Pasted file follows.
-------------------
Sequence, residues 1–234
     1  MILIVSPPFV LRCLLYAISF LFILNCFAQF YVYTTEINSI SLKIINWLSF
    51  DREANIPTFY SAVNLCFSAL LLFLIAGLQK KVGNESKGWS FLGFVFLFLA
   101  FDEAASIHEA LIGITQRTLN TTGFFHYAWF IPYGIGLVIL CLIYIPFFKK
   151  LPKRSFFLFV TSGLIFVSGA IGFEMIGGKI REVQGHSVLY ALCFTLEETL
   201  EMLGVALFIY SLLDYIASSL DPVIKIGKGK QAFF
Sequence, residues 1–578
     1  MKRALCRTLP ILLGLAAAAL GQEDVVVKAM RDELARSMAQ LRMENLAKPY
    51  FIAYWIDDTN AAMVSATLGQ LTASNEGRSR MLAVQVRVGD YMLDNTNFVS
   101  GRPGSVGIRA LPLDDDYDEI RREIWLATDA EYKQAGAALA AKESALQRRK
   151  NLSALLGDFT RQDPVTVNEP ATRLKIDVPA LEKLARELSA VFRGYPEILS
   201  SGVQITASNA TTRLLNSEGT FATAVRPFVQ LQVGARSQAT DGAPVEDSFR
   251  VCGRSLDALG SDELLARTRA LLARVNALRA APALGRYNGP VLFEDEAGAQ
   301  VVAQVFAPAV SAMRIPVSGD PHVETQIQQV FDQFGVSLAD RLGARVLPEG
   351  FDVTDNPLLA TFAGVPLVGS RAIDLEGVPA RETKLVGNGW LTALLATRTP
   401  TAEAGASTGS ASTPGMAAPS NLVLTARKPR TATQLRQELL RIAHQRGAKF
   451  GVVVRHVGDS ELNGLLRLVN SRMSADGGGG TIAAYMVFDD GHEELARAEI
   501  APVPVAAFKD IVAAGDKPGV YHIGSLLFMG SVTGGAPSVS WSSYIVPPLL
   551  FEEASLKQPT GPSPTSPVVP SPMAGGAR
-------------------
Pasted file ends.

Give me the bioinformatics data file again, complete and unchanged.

Sequence, residues 1–234
     1  MILIVSPPFV LRCLLYAISF LFILNCFAQF YVYTTEINSI SLKIINWLSF
    51  DREANIPTFY SAVNLCFSAL LLFLIAGLQK KVGNESKGWS FLGFVFLFLA
   101  FDEAASIHEA LIGITQRTLN TTGFFHYAWF IPYGIGLVIL CLIYIPFFKK
   151  LPKRSFFLFV TSGLIFVSGA IGFEMIGGKI REVQGHSVLY ALCFTLEETL
   201  EMLGVALFIY SLLDYIASSL DPVIKIGKGK QAFF
Sequence, residues 1–578
     1  MKRALCRTLP ILLGLAAAAL GQEDVVVKAM RDELARSMAQ LRMENLAKPY
    51  FIAYWIDDTN AAMVSATLGQ LTASNEGRSR MLAVQVRVGD YMLDNTNFVS
   101  GRPGSVGIRA LPLDDDYDEI RREIWLATDA EYKQAGAALA AKESALQRRK
   151  NLSALLGDFT RQDPVTVNEP ATRLKIDVPA LEKLARELSA VFRGYPEILS
   201  SGVQITASNA TTRLLNSEGT FATAVRPFVQ LQVGARSQAT DGAPVEDSFR
   251  VCGRSLDALG SDELLARTRA LLARVNALRA APALGRYNGP VLFEDEAGAQ
   301  VVAQVFAPAV SAMRIPVSGD PHVETQIQQV FDQFGVSLAD RLGARVLPEG
   351  FDVTDNPLLA TFAGVPLVGS RAIDLEGVPA RETKLVGNGW LTALLATRTP
   401  TAEAGASTGS ASTPGMAAPS NLVLTARKPR TATQLRQELL RIAHQRGAKF
   451  GVVVRHVGDS ELNGLLRLVN SRMSADGGGG TIAAYMVFDD GHEELARAEI
   501  APVPVAAFKD IVAAGDKPGV YHIGSLLFMG SVTGGAPSVS WSSYIVPPLL
   551  FEEASLKQPT GPSPTSPVVP SPMAGGAR